MarbeJam Kids, Inc. is once again producing the Joey Travolta Short Film Camp this Summer at St. Peter's College in Englewood Cliffs, New Jersey. Film Camp will take place August 1st-12th. Last year everyone had a blast and the feedback that MarbleJam Kids received from campers themselves and their parents was OUTSTANDING! This inclusion film camp for those WITH and WITHOUT autism and other special needs is designed for those with an interest in film-making whether it be acting, directing, editing, script writing - this camp provides all campers to do it all - if they so choose. There is also an art room for prop making and plenty of space on the St. Peter's campus to take a walk and scout out shooting locations. So...if you have an interest in any aspect of film or film-making this is the camp for you. It also doesn't look too shabby on college applications. Nowadays it's SOOO competitive and good grades and SAT scores just don't cut it. You need an edge and to stand out from the rest. For more information and to register visit MarbleJam Kids at www.marblejamkids.org. For more information on Joey Travolta and his work visit www.inclusionfilms.com. Click on this link for segment by Dr. Manny Alvarez of Fox News that takes you "inside" last year's film camp which his son attended: http://video.foxnews.com/v/4310681/autism-film-camp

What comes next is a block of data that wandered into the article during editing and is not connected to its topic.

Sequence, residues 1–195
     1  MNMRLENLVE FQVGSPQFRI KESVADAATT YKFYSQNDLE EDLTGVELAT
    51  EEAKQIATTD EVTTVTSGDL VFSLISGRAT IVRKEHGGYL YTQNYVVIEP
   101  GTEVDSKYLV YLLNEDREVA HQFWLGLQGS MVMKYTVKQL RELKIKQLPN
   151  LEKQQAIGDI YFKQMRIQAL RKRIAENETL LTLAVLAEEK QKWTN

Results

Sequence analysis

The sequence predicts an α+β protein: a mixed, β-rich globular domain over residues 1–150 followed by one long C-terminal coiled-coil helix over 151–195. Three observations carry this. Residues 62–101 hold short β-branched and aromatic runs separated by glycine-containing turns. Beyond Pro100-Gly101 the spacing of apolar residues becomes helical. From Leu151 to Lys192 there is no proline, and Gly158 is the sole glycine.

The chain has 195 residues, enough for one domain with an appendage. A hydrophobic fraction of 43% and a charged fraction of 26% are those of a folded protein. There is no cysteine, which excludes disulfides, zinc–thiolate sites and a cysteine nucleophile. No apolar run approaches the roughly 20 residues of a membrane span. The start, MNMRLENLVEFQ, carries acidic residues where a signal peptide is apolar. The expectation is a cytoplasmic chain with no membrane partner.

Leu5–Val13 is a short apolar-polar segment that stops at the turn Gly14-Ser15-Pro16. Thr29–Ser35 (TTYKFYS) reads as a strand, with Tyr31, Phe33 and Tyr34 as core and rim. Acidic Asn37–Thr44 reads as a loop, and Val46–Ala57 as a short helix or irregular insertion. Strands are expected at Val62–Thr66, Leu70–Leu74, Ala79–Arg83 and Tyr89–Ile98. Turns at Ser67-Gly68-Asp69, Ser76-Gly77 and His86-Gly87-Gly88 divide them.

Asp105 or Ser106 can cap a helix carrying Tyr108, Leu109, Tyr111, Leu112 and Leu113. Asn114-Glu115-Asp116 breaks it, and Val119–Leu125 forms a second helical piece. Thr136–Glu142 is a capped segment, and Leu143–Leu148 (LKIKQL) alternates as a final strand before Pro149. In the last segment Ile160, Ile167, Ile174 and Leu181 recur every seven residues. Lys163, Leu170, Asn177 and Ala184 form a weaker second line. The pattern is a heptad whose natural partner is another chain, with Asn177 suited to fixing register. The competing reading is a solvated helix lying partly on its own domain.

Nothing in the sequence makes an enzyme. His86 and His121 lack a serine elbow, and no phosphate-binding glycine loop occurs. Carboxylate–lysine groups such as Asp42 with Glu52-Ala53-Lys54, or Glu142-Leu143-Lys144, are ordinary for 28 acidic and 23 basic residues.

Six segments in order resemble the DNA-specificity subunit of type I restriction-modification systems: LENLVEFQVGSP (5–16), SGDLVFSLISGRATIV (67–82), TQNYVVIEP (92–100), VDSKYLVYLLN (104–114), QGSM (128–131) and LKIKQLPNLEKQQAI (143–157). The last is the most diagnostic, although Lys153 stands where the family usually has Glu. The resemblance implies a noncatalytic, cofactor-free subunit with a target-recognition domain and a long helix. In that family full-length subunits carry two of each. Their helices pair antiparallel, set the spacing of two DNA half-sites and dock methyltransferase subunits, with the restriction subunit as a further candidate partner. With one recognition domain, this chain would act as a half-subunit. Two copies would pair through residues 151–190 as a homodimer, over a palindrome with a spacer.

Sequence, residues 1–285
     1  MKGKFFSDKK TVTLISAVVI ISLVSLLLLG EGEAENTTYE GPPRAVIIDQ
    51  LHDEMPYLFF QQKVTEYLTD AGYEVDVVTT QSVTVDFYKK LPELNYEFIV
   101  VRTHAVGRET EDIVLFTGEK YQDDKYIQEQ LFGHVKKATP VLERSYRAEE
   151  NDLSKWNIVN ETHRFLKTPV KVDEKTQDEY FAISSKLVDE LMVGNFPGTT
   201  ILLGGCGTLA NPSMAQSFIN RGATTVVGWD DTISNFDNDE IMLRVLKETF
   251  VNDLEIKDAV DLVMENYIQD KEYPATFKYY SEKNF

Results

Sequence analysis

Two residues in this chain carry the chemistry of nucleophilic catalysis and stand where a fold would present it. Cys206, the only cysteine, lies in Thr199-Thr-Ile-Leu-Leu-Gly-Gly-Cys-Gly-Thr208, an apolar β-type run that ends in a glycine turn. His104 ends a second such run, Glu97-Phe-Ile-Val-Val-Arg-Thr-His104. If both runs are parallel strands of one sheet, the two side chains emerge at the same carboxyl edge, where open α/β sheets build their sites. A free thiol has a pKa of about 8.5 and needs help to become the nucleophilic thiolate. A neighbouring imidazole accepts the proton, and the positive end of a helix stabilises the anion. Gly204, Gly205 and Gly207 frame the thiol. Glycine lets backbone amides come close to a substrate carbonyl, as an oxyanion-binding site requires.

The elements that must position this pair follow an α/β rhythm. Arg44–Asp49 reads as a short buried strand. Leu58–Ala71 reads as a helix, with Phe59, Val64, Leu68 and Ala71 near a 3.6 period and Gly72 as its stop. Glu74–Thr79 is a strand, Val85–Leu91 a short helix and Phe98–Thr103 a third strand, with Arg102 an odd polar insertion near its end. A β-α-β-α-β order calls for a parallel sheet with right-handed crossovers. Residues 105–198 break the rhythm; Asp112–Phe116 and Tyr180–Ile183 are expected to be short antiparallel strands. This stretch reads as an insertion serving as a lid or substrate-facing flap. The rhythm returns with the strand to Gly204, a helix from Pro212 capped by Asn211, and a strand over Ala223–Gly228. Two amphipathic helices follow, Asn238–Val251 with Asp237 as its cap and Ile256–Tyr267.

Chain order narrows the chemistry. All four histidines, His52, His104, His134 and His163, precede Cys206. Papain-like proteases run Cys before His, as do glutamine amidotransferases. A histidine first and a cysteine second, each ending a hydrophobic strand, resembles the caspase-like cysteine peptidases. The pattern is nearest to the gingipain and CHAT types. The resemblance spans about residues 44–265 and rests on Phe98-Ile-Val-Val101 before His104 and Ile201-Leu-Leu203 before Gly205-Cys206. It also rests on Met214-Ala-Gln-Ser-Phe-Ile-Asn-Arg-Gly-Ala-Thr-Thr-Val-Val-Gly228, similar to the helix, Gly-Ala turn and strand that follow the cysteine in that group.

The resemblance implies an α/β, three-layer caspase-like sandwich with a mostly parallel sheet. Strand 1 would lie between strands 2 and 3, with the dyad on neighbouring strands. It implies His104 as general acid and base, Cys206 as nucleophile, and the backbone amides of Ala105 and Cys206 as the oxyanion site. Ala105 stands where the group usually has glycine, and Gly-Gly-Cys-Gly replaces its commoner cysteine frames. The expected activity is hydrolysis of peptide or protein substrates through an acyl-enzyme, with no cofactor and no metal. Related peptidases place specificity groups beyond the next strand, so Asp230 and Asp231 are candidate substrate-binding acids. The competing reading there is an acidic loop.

We look forward to seeing you and be ready to start the day out dancin'!!
As a result of receiving training from Joey Travolta via one of his Inclusion Films programs, actor Joe Mantegna's daughter Mia learned anchor interviewing skills and was able to interview her father asking him about his perspective on autism and receiving a star on the Hollywood Walk of Fame! Added Bonus: They were able to show it to the world via the media! Kudos to all!